ARGYLE SECURITY, INC. NOTES TO CONSOLIDATED FINANCIAL STATEMENTS December 31, 2007 Note 2 — Background, Formation, and Summary of Significant Accounting Policies — (continued) Service Sales Service sale revenue are recognized when the services have been delivered to and accepted by the customer. These are generally short-term projects which are evidenced by signed service agreements or customer work orders or purchase orders. These sales agreements/customer orders generally provide for billing to customers based on time at quoted hourly or project rates plus costs of materials and supplies furnished by the Company. Inventory Inventory is valued at the lower of cost or market and consists primarily of finished goods. Costs of finished goods are determined using the average cost method. Inventory that was acquired from ISI has been stated at fair value at July 31, 2007; all subsequent purchases are recorded based on cost. At December 31, 2007, the Company‘s inventory balance was $138,000, which is included in other current assets on the consolidated balance sheet. Property and Equipment Property and equipment is stated at cost less accumulated depreciation, except for the plant and equipment acquired in the ISI acquisition which has been recorded at fair value at July 31, 2007 (see Note 3); all subsequent purchases are recorded based on cost. Depreciation is calculated on the straight-line method. The Company reviews the carrying value of property and equipment for impairment whenever events and circumstances indicate the carrying value of the asset may not be recoverable from the estimated future cash flows expected to result from its use and eventual disposition. In cases where undiscounted expected future cash flows are less than the carrying value, an impairment loss is recognized equal to an amount by which the carrying value exceeds the fair value of assets. The factors considered by management in performing this assessment include current operating results, trends, and prospects, and the effects of obsolescence, demand, competition, and other economic factors. Assets Held Under Capital Leases Assets held under capital leases are recorded at the lower of the net present value of the minimum lease payments or the fair value of the asset at the inception of the lease. Amortization expense is computed using the straight-line method over the shorter of the estimated useful life of the asset or the lease term. Assets held under capital leases that were acquired from ISI have been stated at fair value as of July 31, 2007. Goodwill and Other Intangible Assets Goodwill represents the excess of consideration paid over the fair value of net assets acquired in the business combination in accordance with SFAS No. 142, Goodwill and Other Intangible Assets . Goodwill and other indefinite-lived intangibles (trade name) are not amortized but are tested at least annually for impairment. The Company must recognize an impairment loss if, and to the extent that, goodwill exceeds fair value. The Company has determined that no impairment exists at December 31, 2007. The Company has three primary reporting units that provide different services and products. Accordingly, goodwill was allocated to each. Management believes that the relationship between allocation of identified tangible and intangible assets to be in similar proportion to how goodwill is to be allocated among its reporting units. Accordingly, each reporting division was allocated its share of goodwill based upon its percentage of purchase price allocation related to identified tangible and intangible assets. F-40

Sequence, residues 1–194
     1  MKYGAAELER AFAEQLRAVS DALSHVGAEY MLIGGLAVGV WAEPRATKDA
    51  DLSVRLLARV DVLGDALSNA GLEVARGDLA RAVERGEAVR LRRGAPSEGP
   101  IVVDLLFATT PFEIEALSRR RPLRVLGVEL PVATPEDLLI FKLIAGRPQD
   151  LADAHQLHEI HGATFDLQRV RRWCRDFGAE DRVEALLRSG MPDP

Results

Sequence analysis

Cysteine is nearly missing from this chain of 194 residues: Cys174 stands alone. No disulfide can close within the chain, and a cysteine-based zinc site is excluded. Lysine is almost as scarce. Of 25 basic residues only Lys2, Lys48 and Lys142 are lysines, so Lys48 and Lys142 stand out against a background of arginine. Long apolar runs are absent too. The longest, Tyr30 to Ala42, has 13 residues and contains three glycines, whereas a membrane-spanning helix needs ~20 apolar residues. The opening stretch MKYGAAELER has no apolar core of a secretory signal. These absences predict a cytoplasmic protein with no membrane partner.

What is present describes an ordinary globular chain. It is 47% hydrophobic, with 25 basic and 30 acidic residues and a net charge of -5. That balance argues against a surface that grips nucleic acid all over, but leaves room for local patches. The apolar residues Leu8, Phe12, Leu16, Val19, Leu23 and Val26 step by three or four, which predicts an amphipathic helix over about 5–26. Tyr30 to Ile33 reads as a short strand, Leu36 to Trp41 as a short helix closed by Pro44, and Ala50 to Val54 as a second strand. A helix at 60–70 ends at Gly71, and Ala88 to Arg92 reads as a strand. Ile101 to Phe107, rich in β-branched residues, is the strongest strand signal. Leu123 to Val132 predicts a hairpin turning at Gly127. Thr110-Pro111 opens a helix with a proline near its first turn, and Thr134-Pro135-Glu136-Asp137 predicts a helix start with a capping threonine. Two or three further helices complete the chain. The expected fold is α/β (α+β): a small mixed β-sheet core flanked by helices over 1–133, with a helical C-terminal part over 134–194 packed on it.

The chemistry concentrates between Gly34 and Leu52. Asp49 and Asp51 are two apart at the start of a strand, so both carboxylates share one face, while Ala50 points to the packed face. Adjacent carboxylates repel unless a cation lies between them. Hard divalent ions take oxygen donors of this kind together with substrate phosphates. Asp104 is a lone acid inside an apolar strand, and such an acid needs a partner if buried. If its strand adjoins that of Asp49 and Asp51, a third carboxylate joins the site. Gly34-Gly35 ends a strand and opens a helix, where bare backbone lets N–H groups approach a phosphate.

ARGYLE SECURITY, INC. NOTES TO CONSOLIDATED FINANCIAL STATEMENTS December 31, 2007 Note 2 — Background, Formation, and Summary of Significant Accounting Policies — (continued) As a result, goodwill was allocated in the approximate percentages as follows: ISI Detention 18%; MCS Detention 49%; and MCS Commercial 33%. These amounts are included in each reporting division‘s segment reporting. Intangible assets that have finite useful lives are amortized over their useful lives which range from 96 to 120 months for customer relationships and 12 to 16 months for backlog. A summary of the activity in goodwill by segment is as follows (in thousands):